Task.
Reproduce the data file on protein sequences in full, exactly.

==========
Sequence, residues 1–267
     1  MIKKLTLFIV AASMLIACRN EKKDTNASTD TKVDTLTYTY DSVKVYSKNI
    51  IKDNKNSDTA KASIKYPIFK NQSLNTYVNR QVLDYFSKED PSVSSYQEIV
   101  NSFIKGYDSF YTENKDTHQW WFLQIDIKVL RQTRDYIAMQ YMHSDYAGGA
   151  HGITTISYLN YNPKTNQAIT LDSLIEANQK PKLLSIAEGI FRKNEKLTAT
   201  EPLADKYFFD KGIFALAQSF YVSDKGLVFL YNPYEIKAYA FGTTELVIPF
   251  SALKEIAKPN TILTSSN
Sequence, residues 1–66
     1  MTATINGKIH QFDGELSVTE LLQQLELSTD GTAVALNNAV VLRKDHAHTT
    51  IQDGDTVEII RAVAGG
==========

Sequence, residues 1–267
     1  MIKKLTLFIV AASMLIACRN EKKDTNASTD TKVDTLTYTY DSVKVYSKNI
    51  IKDNKNSDTA KASIKYPIFK NQSLNTYVNR QVLDYFSKED PSVSSYQEIV
   101  NSFIKGYDSF YTENKDTHQW WFLQIDIKVL RQTRDYIAMQ YMHSDYAGGA
   151  HGITTISYLN YNPKTNQAIT LDSLIEANQK PKLLSIAEGI FRKNEKLTAT
   201  EPLADKYFFD KGIFALAQSF YVSDKGLVFL YNPYEIKAYA FGTTELVIPF
   251  SALKEIAKPN TILTSSN
Sequence, residues 1–66
     1  MTATINGKIH QFDGELSVTE LLQQLELSTD GTAVALNNAV VLRKDHAHTT
    51  IQDGDTVEII RAVAGG